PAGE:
Ten Observations on Three Years Blogging
This blog turns three today, which is 21 in dog years. How do we celebrate 21st birthdays? I forget. Besides, I don’t own a dog.
I don’t know that there’s much significance to the blog turning three. A lot has changed during the last 36 months, and no, I’m not particularly taking credit for any of it. Here are 10 observations from my first 535 posts.
- Three years ago, Oklahoma educators were fed up with policy makers who were ripping apart our education system. They’ve had to slow the pace of implementing corporate reform, but they’re still on the move. We’re still fed up. The agenda is still moving forward.
- Parents are the best voice for public education. As many educators as there are blogging and contacting legislators, we only impact policy to a point. Parents move the needle. Even better is when parents and educators band together to advocate for children.
- Electing a state superintendent who respects teachers is a game-changer. There’s been a change in the mood among educators since January, but there is only one meaningful difference in terms of the elected leaders of this state. We still have the same governor. We still have the same senators and representatives dredging up the same bills. We still have RSA and ACE; A-F Report Cards; TLE and VAM (though maybe with a delay); and funding for public education is still critically low. The difference is that we have replaced the state superintendent who blames teachers for everything with one who goes to bat for them. Joy Hofmeister understands that teachers aren’t bad people. Rather they’re the people who spend all day with our children. They deserve respect.
- High-stakes testing is unpopular with most students, parents, and educators. It’s only certain politicians and “philanthropists” who love it. This seems obvious now, but remember that my first post was filled with frustration that we were sorting and ranking schools by test scores, without regard to poverty. Over time, okeducationtruths has become one voice among many expressing anger over this. Those of us calling for testing reform don’t always agree on solutions, but when it comes to the harmful effects of using tests to label people and schools, we’re together.
- I enjoy reading blogs probably more than I enjoy writing them. This isn’t a humble-brag statement. If I didn’t think I could write, I wouldn’t. I just know that I’m not the only game in town. At various times, I’ve tried to capture a list of Oklahoma education blogs and national blogs I read regularly. That list is sadly out-of-date. I’ll probably work on it again when the school year ends. Among my fellow Oklahoma educators are writers who say it better, and bloggers who are more popular. There are also some who are just getting started. I try to read them all.
- I treasure the friends I’ve made from blogging. These aren’t just shallow acquaintances who happen to share a common interest in saving public education. These are real people with students and families and stories and histories that make them who they really are.
- Sometimes I just can’t tell what’s going to be a hit. For example, last week I wrote two posts. In the first, I described how I would introduce poetry to my students 15 years ago. I spent hours on it. In the second, I heaped praise on Hofmeister for acting quickly to find a solution to a tough problem. I wrote that in 15 minutes while waiting to pick up my daughter from play rehearsal. The second post has been viewed five times as many as the first one. I’ve received several comments – both privately and publicly –stating that the first was one of my best, which is how I feel as well. That isn’t to say that people are wrong. I am probably just a poor judge of what will stick.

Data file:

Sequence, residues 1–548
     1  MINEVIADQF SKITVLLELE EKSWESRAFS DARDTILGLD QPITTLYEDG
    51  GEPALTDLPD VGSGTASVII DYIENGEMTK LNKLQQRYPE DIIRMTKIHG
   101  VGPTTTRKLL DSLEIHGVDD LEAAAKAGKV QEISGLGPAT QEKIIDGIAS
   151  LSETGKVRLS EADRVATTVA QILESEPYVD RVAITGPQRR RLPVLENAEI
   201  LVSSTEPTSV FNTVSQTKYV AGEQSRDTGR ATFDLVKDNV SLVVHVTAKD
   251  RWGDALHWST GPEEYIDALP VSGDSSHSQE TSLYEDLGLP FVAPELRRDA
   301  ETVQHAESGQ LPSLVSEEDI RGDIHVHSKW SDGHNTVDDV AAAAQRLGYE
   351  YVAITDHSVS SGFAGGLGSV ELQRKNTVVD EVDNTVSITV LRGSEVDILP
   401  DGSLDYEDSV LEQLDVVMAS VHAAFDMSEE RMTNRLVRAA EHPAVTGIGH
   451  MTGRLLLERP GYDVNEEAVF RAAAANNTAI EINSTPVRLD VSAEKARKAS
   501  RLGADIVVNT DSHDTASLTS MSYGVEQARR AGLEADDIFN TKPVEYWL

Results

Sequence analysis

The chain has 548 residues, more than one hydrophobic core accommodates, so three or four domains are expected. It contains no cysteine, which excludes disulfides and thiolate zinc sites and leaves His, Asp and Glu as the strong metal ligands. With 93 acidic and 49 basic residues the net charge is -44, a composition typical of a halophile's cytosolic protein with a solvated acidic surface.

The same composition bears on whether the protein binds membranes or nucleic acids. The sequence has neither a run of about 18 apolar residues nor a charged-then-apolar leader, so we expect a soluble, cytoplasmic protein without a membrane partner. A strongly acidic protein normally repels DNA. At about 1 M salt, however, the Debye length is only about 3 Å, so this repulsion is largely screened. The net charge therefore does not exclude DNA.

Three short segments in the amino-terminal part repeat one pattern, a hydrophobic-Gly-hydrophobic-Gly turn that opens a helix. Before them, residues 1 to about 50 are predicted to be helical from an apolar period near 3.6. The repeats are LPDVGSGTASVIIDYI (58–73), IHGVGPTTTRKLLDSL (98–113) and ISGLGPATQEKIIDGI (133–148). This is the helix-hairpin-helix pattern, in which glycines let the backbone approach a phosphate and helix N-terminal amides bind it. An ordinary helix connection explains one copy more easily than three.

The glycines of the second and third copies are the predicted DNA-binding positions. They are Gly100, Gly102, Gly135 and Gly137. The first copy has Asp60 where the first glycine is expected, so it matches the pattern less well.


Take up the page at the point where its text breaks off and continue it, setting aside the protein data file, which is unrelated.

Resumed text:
- Teachers will band together to protect their content areas. There’s a reason the APUSH legislation in both houses of the Legislature fizzled into a joint resolution with all the impact of a greeting card. My Save AP post from February is sixth for page views all time on this blog. It’s the most-viewed post that doesn’t talk about the third-place finisher in last summer’s Republican primary. Well except for one…
- Teacher pay in Oklahoma still hovers around the bottom of the country. My January post discussing teacher pay jumped to number three when it made another viral run around social media in March. In 1970, Oklahoma teachers made 80% of the national average. In 2013, Oklahoma teachers made 80% of the national average. In between, there’s been little fluctuation. At the rally in March, we heard every excuse imaginable from our elected leaders about why teachers can’t have raises right now. This from the same crowd who don’t want to hear excuses from legislators. What they’re really lacking is resolve, and it’s apparently a generational problem that spans decades and knows no partisan preference.
- Blogging anonymously was fun, but getting to know my readers has been better. At edcamp in February, I was able to participate in a roundtable discussion about advocacy and blogging with the likes of Joy Hofmeister, Jason James, Rob Miller, Kevin Hime, and Claudia Swisher. At this year’s education rally, I had many candid conversations with people about what they’re dealing with at their own schools. I wondered how taking off the mask would impact the blog. It’s more popular than ever. Page views, Twitter followers, and Facebook likes affirm that. I just wish I had more time to write.
As Rob explained this morning, we still have much to keep us angered. We don’t fight for self-interest. If that were our motivation, many of us would have changed careers years ago. We fight because we want our schools to be places that help children thrive rather than places that demoralize them. We want teachers to be taken more seriously than tests. Thanks for reading; here’s to another year!